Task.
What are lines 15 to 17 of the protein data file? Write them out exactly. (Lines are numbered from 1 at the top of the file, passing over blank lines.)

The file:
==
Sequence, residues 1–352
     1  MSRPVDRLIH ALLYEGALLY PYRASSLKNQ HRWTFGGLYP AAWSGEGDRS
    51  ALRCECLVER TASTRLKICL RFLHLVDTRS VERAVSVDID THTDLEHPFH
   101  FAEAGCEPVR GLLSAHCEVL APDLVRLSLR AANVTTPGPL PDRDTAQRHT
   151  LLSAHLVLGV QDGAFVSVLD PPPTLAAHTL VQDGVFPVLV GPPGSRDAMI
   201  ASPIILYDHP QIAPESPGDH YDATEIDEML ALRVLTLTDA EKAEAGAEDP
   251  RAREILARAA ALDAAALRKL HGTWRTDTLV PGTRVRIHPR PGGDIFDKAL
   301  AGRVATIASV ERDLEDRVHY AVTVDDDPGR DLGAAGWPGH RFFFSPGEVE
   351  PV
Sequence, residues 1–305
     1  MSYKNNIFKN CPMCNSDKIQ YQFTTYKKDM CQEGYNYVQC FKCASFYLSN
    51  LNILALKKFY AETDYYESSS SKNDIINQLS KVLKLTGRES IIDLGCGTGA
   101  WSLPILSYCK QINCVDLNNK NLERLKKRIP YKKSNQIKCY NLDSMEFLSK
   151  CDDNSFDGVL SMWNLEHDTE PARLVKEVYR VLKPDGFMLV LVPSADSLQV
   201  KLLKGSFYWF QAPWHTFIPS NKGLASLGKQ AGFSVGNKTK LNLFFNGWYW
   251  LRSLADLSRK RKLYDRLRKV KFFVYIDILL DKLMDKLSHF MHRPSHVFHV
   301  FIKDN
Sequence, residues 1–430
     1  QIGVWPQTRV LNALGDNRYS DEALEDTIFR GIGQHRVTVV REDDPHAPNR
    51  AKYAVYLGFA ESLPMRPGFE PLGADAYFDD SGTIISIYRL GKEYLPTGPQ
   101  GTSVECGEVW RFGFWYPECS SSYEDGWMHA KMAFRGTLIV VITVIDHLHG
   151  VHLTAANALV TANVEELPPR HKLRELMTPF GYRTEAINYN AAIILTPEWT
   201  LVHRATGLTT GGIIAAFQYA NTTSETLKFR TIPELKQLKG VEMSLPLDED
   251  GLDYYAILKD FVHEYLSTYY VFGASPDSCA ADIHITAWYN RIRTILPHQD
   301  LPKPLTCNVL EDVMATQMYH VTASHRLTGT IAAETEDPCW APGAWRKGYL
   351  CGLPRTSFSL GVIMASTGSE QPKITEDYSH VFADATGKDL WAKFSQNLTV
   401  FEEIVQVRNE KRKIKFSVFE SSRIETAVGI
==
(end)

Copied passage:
   201  KLLKGSFYWF QAPWHTFIPS NKGLASLGKQ AGFSVGNKTK LNLFFNGWYW
   251  LRSLADLSRK RKLYDRLRKV KFFVYIDILL DKLMDKLSHF MHRPSHVFHV
   301  FIKDN